Hi @lab-one,

Are you able to reproduce this issue in a project that you could share with us for further investigation?

Otherwise, could you provide some more information regarding the level where you are seeing the performance regression?

  • enable stat SceneRendering and provide screenshot
  • is the level using Instanced Static Meshes?
    • can you provide a rough estimate of number of instances?
    • do the ISMs use Nanite or regular meshes?
  • does the level contain a lot of Static Meshes using World Position Offset and do those meshes have “Evaluate World Position Offset in Ray Tracing” enabled? can you provide a rough estimate of number of such meshes?
  • does the level contain a lot of Skeletal Meshes? can you provide a rough estimate of number of such meshes?



Hi Tiago,

Was not expecting my comment to summon someone from Epic itself, thank you so much for your swift reaction, and I apologize for unnecessary gray hairs if you got any, because I got.

It was a bit unfair to me to say that issue is coming from the engine, it is just 5.4 update made it more prominent.

You can see stat scene rendering in my original comment and it shows that the issue is in GatherRaytracingWorldInstances.
So it all boils down to checkbox “Visible in Raytracing” on foliage.

I total have 560k foliage instances on my scene, and as soon as Visible in Raytracing checkbox is activated on foliage I see how this function goes crazy, which is natural for 560k instances.

It’s just that in 5.3 performance of that function was under my target value ~22ms, so I was not paying attention, and in 5.4 it stopped being there, and this drop is more noticeable the more foliage I have on my scene.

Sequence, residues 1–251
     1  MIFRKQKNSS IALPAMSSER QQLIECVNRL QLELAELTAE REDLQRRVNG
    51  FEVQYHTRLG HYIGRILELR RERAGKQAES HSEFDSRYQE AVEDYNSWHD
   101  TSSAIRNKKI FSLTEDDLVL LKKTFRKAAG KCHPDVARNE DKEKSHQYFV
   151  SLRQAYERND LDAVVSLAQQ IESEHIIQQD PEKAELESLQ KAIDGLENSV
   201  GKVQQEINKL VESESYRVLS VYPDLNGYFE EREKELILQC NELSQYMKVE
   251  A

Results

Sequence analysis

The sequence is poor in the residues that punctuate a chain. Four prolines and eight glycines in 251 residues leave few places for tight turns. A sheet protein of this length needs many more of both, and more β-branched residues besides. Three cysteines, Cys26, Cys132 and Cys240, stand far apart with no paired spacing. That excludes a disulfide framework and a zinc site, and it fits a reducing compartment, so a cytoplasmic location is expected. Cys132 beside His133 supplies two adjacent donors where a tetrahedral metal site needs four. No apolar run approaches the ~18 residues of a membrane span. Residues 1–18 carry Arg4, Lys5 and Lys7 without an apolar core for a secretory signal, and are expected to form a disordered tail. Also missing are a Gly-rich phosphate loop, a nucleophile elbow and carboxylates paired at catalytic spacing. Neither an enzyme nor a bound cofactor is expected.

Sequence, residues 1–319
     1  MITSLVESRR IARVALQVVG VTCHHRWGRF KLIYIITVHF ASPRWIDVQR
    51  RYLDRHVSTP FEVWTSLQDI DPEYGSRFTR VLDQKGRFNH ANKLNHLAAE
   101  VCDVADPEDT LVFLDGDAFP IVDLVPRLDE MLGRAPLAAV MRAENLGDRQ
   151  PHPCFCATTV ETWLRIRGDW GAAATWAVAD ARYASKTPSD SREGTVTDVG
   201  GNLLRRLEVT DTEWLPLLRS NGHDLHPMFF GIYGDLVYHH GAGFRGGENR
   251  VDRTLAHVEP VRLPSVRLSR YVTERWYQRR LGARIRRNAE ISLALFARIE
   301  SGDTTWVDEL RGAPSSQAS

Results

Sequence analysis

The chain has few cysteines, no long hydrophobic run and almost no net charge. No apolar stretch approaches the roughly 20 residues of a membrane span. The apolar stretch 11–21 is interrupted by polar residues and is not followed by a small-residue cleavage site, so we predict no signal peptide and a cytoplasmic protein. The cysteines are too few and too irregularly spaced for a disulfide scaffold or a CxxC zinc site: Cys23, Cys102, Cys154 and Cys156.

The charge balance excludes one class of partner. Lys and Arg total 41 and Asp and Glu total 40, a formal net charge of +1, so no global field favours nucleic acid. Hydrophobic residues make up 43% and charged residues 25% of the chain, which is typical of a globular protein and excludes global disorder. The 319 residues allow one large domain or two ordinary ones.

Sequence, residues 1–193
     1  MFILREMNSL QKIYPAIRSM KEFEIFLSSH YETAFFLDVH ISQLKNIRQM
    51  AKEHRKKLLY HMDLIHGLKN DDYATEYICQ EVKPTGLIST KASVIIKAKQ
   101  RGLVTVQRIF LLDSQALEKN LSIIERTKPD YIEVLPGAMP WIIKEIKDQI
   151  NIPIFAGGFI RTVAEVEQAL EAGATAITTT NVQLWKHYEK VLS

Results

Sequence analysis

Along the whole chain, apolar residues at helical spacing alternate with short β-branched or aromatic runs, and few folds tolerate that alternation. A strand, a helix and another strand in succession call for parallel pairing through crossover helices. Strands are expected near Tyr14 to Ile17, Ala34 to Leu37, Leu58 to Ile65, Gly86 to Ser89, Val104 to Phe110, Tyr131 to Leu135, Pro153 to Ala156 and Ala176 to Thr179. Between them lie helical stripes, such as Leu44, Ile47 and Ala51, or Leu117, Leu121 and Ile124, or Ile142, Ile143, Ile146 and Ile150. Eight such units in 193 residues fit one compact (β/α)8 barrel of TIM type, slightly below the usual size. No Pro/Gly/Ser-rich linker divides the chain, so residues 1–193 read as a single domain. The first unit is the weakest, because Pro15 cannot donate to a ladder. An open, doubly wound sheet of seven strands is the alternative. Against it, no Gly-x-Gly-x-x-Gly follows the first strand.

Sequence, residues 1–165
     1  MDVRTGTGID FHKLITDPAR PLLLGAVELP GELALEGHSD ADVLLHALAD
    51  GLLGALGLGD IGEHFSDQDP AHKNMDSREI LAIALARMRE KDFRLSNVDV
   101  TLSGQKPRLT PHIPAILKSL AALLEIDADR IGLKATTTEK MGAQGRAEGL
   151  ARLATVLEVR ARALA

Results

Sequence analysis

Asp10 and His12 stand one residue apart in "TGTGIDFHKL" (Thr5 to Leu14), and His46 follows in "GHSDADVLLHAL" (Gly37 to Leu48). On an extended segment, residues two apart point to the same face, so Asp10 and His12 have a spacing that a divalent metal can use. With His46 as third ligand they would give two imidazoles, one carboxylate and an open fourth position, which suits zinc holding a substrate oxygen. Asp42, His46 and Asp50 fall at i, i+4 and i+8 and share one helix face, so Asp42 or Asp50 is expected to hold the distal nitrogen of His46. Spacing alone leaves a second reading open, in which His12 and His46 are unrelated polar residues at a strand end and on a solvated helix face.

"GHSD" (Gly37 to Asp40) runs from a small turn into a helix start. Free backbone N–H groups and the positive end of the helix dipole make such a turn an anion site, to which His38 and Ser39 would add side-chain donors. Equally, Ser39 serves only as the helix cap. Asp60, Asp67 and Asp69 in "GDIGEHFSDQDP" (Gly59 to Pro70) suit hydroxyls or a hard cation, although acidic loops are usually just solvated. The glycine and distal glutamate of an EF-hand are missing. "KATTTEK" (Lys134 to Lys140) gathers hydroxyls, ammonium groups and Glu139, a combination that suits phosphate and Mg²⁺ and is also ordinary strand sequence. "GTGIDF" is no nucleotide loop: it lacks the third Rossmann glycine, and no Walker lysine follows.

My workaround is obviously to disable Raytracing on foliage, because it is unnecessary.

However, I see that even if I set Cull Distance for foliage to be extremely low, function is takes performance. I don’t know much about it, but maybe that information will help you as well.

Extra unrelated side note: I am using Dynamic Grass Plugin https://www.unrealengine.com/marketplace/en-US/product/dynamic-grass-system, and that plugin doesn’t respect Visible in Raytracing checkbox, and that is what made my issue actually noticeable.

Same thing for me in 5.3 I was getting 70 FPS now I’m getting around 30. Setting visible in ray tracing to false for foliage solves the issue.

Also using a fair amount of instanced static mesh with nanite.

Is it normal that ray tracing is still evaluated even if Use Hardware Ray Tracing When Available is set to false in project setting ? because I still get the same performance whether it’s false or true.

Deleting the hole foliage does not fix the issue. Also the telemetry plugin does not fix anything at my machine.

I was able to get almost same performance like I got with 5.3 by doing:

UnrealEditor.exe path_to\ProjectName.uproject -run=DerivedDataCache -fill to fix the incredible stuttering each few msecs. Seems like the automatic-cachinge feature is bugged and/or it’s not generating required files after upgrade anymore.

r.Nanite 0 to get about double the FPS. In 5.3 it’s same scene and runs much better (even with r.Nanite 1 there’s no difference). As far I’m aware none of the meshes uses nanite. Nanite is ok as long as it does not get into my way. But even disabling Nanite at all meshes in the map does not fix the issue. Neither removing the foliage. The only difference is 5.3 (is ok) vs 5.4 (huge performance loss). If Nanite makes the performance extreme worse its a big no. It’s better to make proper retopo even in case if you might do some collisions anyway.

I’m not a computer expert so take my comments with some salt. I have been plagued with the FPS drops in UE 5.4 so I tried to work on the problem, if only so I could use UE again.

I seemed to me that there are two problems with FPS rolled into one. Firstly, the capping FPS to 60 frames, which means less frames to play with. Secondly, the frames are being used for UE5 to create shaders on the fly.